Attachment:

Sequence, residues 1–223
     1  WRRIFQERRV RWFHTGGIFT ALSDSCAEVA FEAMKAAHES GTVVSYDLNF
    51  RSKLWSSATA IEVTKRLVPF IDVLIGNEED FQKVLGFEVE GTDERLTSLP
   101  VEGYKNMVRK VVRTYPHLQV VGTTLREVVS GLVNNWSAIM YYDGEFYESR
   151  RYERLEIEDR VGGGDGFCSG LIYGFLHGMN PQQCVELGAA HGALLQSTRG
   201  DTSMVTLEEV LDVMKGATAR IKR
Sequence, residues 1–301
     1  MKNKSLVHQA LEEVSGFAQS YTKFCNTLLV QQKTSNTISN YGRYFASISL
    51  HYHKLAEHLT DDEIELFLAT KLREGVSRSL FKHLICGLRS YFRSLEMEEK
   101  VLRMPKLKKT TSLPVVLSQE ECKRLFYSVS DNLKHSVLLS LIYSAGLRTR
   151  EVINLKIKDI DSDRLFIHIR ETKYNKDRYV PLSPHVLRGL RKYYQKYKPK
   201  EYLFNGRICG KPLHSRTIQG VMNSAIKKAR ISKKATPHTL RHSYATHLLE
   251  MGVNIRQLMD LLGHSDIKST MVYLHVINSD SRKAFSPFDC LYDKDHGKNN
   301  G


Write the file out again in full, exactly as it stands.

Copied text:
Sequence, residues 1–223
     1  WRRIFQERRV RWFHTGGIFT ALSDSCAEVA FEAMKAAHES GTVVSYDLNF
    51  RSKLWSSATA IEVTKRLVPF IDVLIGNEED FQKVLGFEVE GTDERLTSLP
   101  VEGYKNMVRK VVRTYPHLQV VGTTLREVVS GLVNNWSAIM YYDGEFYESR
   151  RYERLEIEDR VGGGDGFCSG LIYGFLHGMN PQQCVELGAA HGALLQSTRG
   201  DTSMVTLEEV LDVMKGATAR IKR
Sequence, residues 1–301
     1  MKNKSLVHQA LEEVSGFAQS YTKFCNTLLV QQKTSNTISN YGRYFASISL
    51  HYHKLAEHLT DDEIELFLAT KLREGVSRSL FKHLICGLRS YFRSLEMEEK
   101  VLRMPKLKKT TSLPVVLSQE ECKRLFYSVS DNLKHSVLLS LIYSAGLRTR
   151  EVINLKIKDI DSDRLFIHIR ETKYNKDRYV PLSPHVLRGL RKYYQKYKPK
   201  EYLFNGRICG KPLHSRTIQG VMNSAIKKAR ISKKATPHTL RHSYATHLLE
   251  MGVNIRQLMD LLGHSDIKST MVYLHVINSD SRKAFSPFDC LYDKDHGKNN
   301  G